SassyBlack, Black Ends, and Acid Tongue are all recipients of the 2021 Black Fret grants.
SassyBlack, Black Ends, and Acid Tongue are all recipients of the 2021 Black Fret grants. Courtesy of Black Fret

You get $5,000! And you get $5,000! And YOU get $5,000! Today, non-profit Black Fret announced their latest series of grants (totaling $55,000) that will go to 11 Seattle-area bands to do with as they please: Acid Tongue, Beverly Crusher, Black Ends, Caitlin Sherman, Da Qween, Parisalexa, SassyBlack, Shelby Earl, Sol, True Loves, and Zan Fiskum. The Austin-based non-profit launched a Seattle chapter in 2020 to provide financial relief to local musicians. According to their press release, as of today Black Fret has distributed over $150,000 in direct support to Seattle bands and artists. Their 2021 grant recipients would make a sick concert lineup. Just sayin'!

Yesterday was the financial committee cut-off in the state Legislature, which means if a bill didn't pass out of either Appropriations in the House or Ways and Means in the Senate, then it's probably dead. On Slog, we've primarily tracked two sets of bills dealing with Washington's arts. The first set is House Bill 1647/Senate Bill 5530 concerning Washington’s Building for the Arts program, which currently gives a 20% state-match in project costs to cultural organizations acquiring, contracting, or renovating their facilities. The proposed legislation would increase the state-match to 33.3% and increase the program’s cap to $18 million from $12 million. HB 1647 easily passed out of the chamber on February 2 and is now getting read in the Senate. Senator David Frockt (D-Seattle), who sponsored the Senate version of the bill, said in an emailed statement that the bill "has great momentum and I expect that it will pass." Hooray! More arts funding!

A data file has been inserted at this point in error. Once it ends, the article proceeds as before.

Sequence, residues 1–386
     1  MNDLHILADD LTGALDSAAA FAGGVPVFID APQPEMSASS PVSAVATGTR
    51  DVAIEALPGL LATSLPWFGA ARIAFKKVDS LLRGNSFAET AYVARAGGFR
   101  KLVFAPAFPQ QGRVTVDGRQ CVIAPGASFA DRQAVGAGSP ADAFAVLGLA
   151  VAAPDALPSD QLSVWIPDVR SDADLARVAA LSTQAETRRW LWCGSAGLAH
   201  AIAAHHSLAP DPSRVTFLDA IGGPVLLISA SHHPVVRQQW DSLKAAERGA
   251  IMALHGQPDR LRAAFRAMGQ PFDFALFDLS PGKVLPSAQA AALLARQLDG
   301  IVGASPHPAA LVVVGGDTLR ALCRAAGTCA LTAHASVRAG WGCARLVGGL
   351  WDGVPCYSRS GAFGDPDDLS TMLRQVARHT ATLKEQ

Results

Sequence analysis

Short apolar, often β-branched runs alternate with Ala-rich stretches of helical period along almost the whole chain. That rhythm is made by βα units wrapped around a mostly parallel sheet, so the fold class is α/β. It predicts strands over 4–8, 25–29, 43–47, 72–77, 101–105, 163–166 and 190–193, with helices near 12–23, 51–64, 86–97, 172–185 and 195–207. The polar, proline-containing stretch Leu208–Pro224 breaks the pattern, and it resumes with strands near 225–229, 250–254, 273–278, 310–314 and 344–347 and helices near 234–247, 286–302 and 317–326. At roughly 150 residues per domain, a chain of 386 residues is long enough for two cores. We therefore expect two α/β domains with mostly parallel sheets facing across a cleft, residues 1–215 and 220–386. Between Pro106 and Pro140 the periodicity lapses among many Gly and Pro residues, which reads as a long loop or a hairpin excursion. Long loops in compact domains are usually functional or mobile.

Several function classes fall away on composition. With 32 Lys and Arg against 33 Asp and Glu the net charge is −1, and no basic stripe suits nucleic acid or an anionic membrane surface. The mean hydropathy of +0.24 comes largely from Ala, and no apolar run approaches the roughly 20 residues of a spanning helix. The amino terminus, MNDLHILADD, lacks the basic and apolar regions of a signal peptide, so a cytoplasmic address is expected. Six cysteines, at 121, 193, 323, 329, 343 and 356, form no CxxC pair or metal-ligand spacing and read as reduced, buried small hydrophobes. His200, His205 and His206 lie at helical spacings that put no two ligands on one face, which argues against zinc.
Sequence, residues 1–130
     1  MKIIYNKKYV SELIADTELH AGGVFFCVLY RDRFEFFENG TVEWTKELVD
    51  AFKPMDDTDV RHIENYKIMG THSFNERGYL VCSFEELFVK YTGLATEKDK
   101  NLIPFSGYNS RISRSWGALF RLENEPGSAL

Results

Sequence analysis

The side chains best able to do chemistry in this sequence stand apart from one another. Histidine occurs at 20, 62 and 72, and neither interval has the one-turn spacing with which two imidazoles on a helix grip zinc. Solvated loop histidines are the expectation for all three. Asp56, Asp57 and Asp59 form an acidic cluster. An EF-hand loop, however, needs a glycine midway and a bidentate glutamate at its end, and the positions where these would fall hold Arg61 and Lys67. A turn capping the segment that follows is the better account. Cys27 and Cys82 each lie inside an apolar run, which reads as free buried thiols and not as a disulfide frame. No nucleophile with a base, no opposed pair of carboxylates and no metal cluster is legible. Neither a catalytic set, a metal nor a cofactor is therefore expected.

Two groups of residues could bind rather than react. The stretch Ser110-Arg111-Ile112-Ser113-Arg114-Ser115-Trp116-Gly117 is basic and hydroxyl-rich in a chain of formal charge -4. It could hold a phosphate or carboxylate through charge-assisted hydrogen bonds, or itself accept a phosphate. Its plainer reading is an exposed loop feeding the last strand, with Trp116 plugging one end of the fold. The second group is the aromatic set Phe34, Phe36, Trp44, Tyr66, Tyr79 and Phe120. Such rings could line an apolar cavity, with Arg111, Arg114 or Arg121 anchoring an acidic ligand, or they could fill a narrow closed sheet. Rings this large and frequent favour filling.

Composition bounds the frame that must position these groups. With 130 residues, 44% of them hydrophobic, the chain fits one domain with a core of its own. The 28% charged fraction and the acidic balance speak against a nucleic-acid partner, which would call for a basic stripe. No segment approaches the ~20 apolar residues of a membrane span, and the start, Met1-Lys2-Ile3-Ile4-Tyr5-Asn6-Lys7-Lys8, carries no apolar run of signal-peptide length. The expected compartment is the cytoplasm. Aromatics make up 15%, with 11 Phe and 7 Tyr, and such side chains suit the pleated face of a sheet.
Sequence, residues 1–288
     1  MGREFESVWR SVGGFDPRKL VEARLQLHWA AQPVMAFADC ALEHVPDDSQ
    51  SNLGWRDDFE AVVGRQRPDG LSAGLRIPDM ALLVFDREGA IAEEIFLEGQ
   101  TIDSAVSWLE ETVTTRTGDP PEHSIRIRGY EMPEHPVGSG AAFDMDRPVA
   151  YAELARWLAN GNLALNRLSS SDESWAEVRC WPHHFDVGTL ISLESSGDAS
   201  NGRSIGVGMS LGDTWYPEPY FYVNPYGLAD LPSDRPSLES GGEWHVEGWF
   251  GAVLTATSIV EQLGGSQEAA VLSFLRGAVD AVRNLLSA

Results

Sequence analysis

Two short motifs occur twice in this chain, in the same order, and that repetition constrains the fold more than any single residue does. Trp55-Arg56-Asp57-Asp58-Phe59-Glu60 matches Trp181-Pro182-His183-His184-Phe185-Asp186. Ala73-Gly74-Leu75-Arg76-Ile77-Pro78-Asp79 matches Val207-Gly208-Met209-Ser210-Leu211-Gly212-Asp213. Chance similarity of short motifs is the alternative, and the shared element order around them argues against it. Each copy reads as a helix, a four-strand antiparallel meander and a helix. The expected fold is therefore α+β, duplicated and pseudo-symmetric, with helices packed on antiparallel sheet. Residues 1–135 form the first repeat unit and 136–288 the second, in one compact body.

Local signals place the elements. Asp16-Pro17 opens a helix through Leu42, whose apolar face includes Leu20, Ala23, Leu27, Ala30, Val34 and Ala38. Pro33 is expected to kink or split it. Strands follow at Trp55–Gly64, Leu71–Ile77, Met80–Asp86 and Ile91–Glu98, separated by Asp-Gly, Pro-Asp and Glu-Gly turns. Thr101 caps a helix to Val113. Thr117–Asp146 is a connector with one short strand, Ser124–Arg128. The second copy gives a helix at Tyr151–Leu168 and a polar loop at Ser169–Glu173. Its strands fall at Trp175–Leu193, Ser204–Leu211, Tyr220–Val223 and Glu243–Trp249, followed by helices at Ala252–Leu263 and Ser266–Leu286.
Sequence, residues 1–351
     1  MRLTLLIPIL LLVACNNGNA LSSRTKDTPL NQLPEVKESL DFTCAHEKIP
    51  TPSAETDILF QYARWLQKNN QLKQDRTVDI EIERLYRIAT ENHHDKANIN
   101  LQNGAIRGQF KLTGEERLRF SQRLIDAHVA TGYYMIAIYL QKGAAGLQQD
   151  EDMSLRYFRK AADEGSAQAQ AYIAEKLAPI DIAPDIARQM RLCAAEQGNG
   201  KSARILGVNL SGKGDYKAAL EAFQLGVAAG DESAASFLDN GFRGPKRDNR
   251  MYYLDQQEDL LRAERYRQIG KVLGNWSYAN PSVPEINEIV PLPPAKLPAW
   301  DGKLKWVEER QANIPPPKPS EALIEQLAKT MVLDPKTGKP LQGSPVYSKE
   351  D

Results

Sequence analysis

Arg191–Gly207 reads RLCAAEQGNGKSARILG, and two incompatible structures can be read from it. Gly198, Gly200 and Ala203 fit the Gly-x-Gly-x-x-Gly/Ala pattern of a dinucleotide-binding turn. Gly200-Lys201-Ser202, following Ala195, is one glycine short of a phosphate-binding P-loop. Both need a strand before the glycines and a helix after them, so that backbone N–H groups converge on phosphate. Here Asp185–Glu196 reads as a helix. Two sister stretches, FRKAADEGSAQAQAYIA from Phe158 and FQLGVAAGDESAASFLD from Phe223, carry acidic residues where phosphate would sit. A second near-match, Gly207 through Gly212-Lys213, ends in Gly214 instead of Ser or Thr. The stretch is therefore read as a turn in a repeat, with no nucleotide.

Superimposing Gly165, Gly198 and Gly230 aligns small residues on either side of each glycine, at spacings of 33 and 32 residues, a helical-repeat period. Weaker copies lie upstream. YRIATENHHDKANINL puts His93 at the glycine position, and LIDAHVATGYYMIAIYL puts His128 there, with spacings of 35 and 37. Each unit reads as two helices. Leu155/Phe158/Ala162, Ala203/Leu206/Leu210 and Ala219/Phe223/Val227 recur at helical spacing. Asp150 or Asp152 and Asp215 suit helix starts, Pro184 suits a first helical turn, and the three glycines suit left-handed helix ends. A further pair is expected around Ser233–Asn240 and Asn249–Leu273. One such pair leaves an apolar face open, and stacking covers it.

And the other set of bills we're tracking is House Bill 1914/Senate Bill 5760, which would increase the funding to the state's Motion Picture Competitiveness Program from $3.5 million to $20 million annually. The committee cut-off did not apply to them because they're labeled "necessary to implement the budget" (NITB). So! They're still swirling around the Senate and the House. In the Senate, bill sponsor Sen. Frockt says they "are working hard to build support" and knows "there are many on the Ways and Means committee, across both parties, who support doing something here." Primary sponsor Sen. Lisa Wellman (D-Mercer Island) said she would "remain a strong advocate for this legislation" and that "nearly everyone knows that the Pacific Northwest is the stuff of movies." Rep. Marcus Riccelli (D-Spokane), the primary sponsor of the bill in the House, had this to say about the state of things:

“The bill to increase funding for the Motion Picture Competitiveness Program is not subject to cut-off and after discussing it with the Chair of Finance Rep. Noel Frame, I fully expect it to receive a public hearing in the coming weeks. This bill is alive and I know something about zombie bills (and zombies). The challenges ahead with this broadly supported, bi-partisan bill to create and sustain jobs for our creative community and bring significant economic benefits to Washington lie in moving the bill forward with the funding level that is called out.”